Note that infallibility does not protect the Pope from sin. He’s a mere mortal like anyone else, with his own weaknesses and capacity for scandal. Thankfully, the church has been quite blessed in recent decades with exceptionally holy fathers. And most have sought to serve the church—some even to the point of martyrdom. That said, one shouldn’t be shocked to run into a real scoundrel here or there. (I’m thinking of a few Renaissance popes.) Even Peter denied Christ.
The Pope’s infallibility is not separated from the church’s infallibility. Rather, because the Pope is sign of the church’s unity, the Pope’s role offers a particular manifestation of it. Infallibility is a negative gift: it’s simply the freedom from doctrinal error. It’s not divine inspiration. The Pope’s words are not God’s words. And, of course, not everything the Pope says is infallible. At all. In fact, it’s understood to be reserved only for those solemn occasions when the Pope is definitively settling a matter of faith to be held by the entire church. Mind you, this doesn’t happen often. The most recent was in 1950 when Pope Pius XII’s dogmatically defined Mary’s assumption into Heaven.
The Pope in the modern world has the same basic role as did Peter nearly 2,000 years ago: to confirm his brethren in the faith. The Pope acts as teacher on a daily basis when he gives speeches and homilies for special events and liturgies. More exceptionally, the Pope exercises his teaching authority when he writes official documents ranging from encyclicals, like Francis’ recent one on the environment, to the weightier apostolic constitutions, which deal with important doctrinal matters. As pastor, the Pope meets with his fellow bishops, visits other countries, and attends special events such as World Youth Day.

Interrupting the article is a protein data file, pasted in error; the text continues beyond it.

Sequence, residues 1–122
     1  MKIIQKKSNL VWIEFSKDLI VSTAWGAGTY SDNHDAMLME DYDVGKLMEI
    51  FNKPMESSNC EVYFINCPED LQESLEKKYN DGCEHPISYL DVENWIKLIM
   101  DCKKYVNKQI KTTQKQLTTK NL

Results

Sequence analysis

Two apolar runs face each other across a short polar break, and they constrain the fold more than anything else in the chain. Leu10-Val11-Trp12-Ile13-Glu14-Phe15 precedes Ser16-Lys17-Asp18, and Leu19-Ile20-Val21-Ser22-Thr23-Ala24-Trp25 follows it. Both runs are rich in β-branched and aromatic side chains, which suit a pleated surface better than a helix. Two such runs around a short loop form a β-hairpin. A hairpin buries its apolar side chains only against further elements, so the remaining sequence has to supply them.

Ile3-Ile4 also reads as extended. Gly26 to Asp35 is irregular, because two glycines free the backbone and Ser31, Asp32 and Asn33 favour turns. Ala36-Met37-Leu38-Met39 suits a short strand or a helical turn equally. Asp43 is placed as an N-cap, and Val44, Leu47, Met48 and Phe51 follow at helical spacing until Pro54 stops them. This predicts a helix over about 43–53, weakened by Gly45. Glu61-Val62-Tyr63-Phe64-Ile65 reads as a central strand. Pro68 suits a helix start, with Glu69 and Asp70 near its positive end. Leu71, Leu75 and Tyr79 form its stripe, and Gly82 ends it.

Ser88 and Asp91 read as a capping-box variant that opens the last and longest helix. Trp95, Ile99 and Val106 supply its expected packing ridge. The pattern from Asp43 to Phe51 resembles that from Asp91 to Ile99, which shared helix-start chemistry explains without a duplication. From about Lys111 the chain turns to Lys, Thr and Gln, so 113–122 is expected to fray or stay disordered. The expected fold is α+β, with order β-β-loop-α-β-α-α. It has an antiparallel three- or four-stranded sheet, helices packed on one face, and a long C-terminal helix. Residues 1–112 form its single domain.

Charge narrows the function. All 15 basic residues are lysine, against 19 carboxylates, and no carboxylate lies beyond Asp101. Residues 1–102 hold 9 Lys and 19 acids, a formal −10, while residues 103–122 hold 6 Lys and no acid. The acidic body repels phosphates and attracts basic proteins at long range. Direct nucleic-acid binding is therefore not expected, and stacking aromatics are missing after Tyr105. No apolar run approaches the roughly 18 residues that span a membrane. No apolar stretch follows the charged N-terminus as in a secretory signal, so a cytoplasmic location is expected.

By expressing the papacy as a role of service—something Francis is quite good at—the Pope is able to bring Christ to others as he sets an example of what it means to be follower of Christ. One traditional title of the Pope, going all the way back to St. Gregory the Great, is servus servorum Dei, or Servant of the Servants of God. This encapsulates the type of leadership the Pope is called to. After all, according to Christ, the “greatest” or “first” is the one who is “servant of all” (Mk. 9:34-36).